The crown prince of the Emirates of Abu Dhabi and Supreme Commander of United Arab Emirates Armed Forces, recently through a tweet mentioned his discussion with Syrian president Bashaar Al Assad on a phone call. He conveyed to him the updates of coronavirus and assured him that UAE stands by Syria. In addition to this, the Prince said: “humanitarian solidarity during trying times supersedes all matters, and Syria and her people will not stand alone”.
It is pertinent to mention, UAE and Qatar played a vital part in destabilizing Syria and tried their best to change the regime during the US-backed Arab spring in 2011. This they did, by means of their paid mercenaries and political and diplomatic pressure. UAE supported the movement financially and militarily, while the Kurdish led the Free Syrian Army during the Syrian civil war. Moreover, the Emirati Government fully endorsed the decision of the Arab League to suspend the membership of Syria, back in November 2011.
From allies to adversaries
Several years later, a rift developed between Qatar and Saudi Arabia and this time, UAE stood with Riyadh. The main dispute between both parties was over Qatar’s role in backing and spreading the Muslim brotherhood ideology, in the region. Qatar was also found involved in installing their puppet governments in various Middle Eastern states like Tunisia, Libya and Egypt.
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Doha also tried to play the same game in Syria, which would’ve led towards its greater influence in the Arabian geopolitical environment. It could also have provided a great opportunity for Turkey to safeguard its interests in the region, as the latter has important strategic ties with the former.
Saudi Arabia and the UAE in 2018, lost their eagerness to topple Bashaar Al Assad’s government in Syria. This was partly because Qatar and Turkey had an upper hand, especially after the defeat of ISIS in Syria. Most of the proxies lost their ruling areas to Assad’s Syrian Arab Army — hence they had little space left to maneuver their strategy. This pushed them to extend the hand of friendship towards President of Syria. Also, Turkish military involvement reminds Arabs of the Ottoman Era which spread through Syria.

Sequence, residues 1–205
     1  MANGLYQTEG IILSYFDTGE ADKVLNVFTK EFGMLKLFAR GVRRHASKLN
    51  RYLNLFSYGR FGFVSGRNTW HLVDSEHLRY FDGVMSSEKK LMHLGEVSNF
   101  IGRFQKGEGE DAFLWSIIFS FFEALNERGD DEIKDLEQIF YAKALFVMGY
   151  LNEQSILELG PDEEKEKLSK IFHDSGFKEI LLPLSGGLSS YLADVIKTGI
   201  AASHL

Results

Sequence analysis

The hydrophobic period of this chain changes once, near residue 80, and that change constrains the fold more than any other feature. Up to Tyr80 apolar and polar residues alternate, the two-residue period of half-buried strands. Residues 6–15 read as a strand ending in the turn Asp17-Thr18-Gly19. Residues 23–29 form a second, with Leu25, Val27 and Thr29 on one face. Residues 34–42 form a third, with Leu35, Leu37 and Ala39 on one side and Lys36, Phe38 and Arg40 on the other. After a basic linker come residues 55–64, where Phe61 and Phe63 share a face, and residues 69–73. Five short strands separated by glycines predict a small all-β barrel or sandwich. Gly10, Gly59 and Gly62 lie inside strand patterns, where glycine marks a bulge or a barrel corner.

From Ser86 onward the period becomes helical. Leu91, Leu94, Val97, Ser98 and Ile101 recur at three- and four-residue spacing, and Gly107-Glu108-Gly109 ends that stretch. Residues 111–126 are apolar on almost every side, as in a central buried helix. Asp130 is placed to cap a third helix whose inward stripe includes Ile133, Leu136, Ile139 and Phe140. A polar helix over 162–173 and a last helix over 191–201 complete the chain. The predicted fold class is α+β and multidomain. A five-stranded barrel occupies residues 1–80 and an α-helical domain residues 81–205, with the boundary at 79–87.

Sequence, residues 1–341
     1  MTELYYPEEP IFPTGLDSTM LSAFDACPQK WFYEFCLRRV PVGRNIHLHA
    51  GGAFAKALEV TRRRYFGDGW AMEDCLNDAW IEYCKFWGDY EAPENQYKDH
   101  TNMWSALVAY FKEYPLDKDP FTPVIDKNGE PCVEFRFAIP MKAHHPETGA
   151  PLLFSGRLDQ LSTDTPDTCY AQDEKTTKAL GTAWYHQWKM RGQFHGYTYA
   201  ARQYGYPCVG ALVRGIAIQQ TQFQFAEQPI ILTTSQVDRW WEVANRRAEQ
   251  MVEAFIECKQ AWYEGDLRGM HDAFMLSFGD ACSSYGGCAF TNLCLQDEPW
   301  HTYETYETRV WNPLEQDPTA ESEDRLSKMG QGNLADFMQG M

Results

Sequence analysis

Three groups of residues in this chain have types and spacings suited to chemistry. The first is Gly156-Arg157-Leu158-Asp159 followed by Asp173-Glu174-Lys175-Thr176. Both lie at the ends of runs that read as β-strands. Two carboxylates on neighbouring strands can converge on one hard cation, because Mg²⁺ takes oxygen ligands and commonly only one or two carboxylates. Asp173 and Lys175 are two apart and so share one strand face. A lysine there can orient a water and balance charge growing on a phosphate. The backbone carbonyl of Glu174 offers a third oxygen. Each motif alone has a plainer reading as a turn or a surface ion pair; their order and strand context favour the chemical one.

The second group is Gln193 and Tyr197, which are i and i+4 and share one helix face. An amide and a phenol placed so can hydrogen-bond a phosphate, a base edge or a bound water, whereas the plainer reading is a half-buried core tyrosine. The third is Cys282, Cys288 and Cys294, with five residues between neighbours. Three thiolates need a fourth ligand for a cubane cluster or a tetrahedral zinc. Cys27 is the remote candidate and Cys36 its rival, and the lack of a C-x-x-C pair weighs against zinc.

The tweet of Muhammad Bin Zayed is a part of the changing face of the power struggle in the Middle East. Earlier at the start of December 2019, Chargé d’affaires of UAE said: “he hopes security and stability prevail throughout the Syrian Arab Republic under the wise leadership of President Bashar Al-Assad and Syria-UAE relations are solid, distinct and strong,” according to the Reuters.
In addition to that, last year UAE state minister for foreign affairs Anwar Gargash claimed in an interview, “UAE supported a united, capable, Arab Syria under a single sovereign authority.” UAE also reopened its embassy in Damascus, becoming the first Arab country to do so, except Oman which held a neutral position during the entire conflict.
Why did the UAE opt for a reversal of policy?
UAE’s sharp U-turn in its policies could help in fulfilling two major diplomatic objectives. Firstly, these strategies can create an effective anti-Turkish bloc. Turkey holds strong military presence in Northern and North-Western Syria. They can persuade President Bashar Al-Assad to provide military support in exchange for returning his areas, which are presently under Erdogan’s influence. It can turn out to be a win-win situation for both regimes.
Secondly, these political engagements can lead to the strengthening of ties between UAE and Russia. Russia has supported the Syrian President since the beginning of the Arab Spring. It can prove to be an excellent chance for Abu Dhabi, to strengthen its ties with other major powers, and become less dependent on the United States.
So in the near future, we can expect a meeting between Syrian President Bashar Al-Assad and UAE’s Crown Prince of Abu Dhabi Muhammad Bin Zayed Al Nahyan, or even Saudi Arabian Crown Prince Muhammad Bin Salman. After these important political proceedings, we should expect some major reshuffling of alliances in the region, and beyond.
Hassan Aziz is a student of LLB at International Islamic University, Islamabad. He’s presently working as a media secretary at Law Students Council. He regularly follows international developments especially in South Asia and the Middle East. He can be reached through twitter at @H_AzizPk. The views expressed in this article are the author’s own and do not necessarily reflect the editorial policy of Global Village Space.